So, in fairness, this one is a bit of a cheat, because while I am truly excited for the game itself, I'm more excited about it as a vehicle for expansions. I still remember feeling myself vibrate with excitement when I first read the news; that some game called Call to Adventure, being made by veteran publishers Brotherwise Games, had secured the rights to make expansions based on the works two of my all-time favourite fantasy authors: Brandon Sanderson (specifically, The Stormlight Archive), and Patrick Rothfuss (The Kingkiller Chronicles, the first book of which is The Name of the Wind).
I immediately went digging into everything that I could find about this Call to Adventure, of course, because how could I not?! And what I found just served to make me even more excited about not just the potential for games based on my favourite novels, but the base game itself. It's a tableau-builder, which Brotherwise has already proven they excel at (Boss Monster is one of their flagship titles), but one that incorporates some incredibly cool and innovative mechanics. Remember how I mentioned that I took all my notes in Grade 7 Science using Tolkien's dwarvish runes? Call to Adventure uses a "rune-rolling" system, rather than dice, to resolve challenges. The in-game points system serves to encourage and bolster story-telling, rather than forcing players to craft their own theme and story around dry mechanics. And everything in the box is absolutely beautiful.
Rather than play through a series of adventures, with winning being dependent on success and failure, the game calls itself a "hero-crafting" game. It's all about crafting the hero's journey for yourself, using your successes and your failures not as a measure of your skill but as a way to realize a unique character, living their own unique story.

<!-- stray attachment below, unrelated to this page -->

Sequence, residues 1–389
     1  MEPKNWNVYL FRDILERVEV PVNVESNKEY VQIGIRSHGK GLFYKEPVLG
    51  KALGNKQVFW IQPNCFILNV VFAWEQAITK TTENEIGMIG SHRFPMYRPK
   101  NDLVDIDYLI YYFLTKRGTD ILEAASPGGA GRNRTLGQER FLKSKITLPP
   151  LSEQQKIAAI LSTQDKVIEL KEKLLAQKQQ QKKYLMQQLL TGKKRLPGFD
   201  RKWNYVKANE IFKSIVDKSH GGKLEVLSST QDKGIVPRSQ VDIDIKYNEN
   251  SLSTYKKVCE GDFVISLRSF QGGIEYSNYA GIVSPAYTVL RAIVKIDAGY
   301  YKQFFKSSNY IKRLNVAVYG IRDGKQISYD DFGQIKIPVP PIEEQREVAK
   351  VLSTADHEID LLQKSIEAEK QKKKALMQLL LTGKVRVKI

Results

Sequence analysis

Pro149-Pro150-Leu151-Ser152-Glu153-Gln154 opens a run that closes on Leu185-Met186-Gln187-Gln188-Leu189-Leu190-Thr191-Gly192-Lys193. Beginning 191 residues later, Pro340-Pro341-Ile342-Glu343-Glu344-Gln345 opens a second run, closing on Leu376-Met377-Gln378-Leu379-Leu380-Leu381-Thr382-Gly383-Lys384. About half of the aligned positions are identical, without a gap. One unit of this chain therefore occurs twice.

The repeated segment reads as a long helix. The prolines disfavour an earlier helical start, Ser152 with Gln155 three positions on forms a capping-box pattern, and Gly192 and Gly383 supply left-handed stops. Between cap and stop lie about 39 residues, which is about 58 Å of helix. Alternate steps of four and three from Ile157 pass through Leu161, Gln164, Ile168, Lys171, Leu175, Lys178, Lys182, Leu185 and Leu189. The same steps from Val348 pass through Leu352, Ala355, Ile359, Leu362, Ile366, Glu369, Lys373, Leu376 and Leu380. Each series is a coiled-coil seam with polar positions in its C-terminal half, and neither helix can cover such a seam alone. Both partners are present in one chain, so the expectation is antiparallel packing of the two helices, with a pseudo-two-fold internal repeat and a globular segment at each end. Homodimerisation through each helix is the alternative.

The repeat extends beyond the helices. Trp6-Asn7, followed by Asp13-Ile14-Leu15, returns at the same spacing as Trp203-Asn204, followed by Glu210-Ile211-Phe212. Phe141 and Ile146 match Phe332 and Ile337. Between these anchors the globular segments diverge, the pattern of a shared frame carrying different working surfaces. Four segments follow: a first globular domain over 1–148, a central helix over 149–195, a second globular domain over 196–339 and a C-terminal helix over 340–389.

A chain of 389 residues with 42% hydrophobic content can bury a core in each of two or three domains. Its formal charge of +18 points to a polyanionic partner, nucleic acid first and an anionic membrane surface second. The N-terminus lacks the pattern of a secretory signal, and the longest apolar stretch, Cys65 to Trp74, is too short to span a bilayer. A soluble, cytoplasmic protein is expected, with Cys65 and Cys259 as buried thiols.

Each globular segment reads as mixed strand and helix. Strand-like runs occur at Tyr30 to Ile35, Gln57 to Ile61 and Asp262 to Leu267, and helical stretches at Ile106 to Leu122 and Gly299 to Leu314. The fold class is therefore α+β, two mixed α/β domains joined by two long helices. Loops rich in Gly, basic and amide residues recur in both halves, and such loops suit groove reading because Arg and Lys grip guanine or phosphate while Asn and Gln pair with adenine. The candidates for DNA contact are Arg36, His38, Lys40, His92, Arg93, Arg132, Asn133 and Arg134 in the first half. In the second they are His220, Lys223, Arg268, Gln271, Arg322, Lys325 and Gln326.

All right, so I’m going to preface this with a bit of honesty–I don’t generally like bluffing and deduction games. I am bad at lying, I am bad at telling when other people are lying, I am bad at convincing people that I’m not lying – I’m just bad at them. And when you’re bad at a game, it doesn’t tend to be a lot of fun. Werewolf, The Resistance – these games are not my cup of tea. And here's the thing; Guardian's Call is a game that is primarily bluffing and deduction.
I was privileged enough to get the chance to play this one in advance of its release. When first looking into it, while I was excited by the theme and the concept, as well as everything around the game, I was prepared to be pretty “meh” on the game itself. But folks, after having played it? This game is fun. I loved it, despite being bad at it, and even though I received a sound thrashing at the hands of my loved ones (on my birthday, no less), I wanted to play it again. I want to play it again now, just writing this, just thinking about it, because it’s just…it’s a darn good game.
And the thing about it is that it is simple. It's straightforward to learn and, as long as you don't overthink it too much, straightforward to play. Yet at the same time, this is a gamer's bluffing game. There is strategy here, rather than just luck and lying, and it lights up parts of my brain that I probably don't use nearly enough.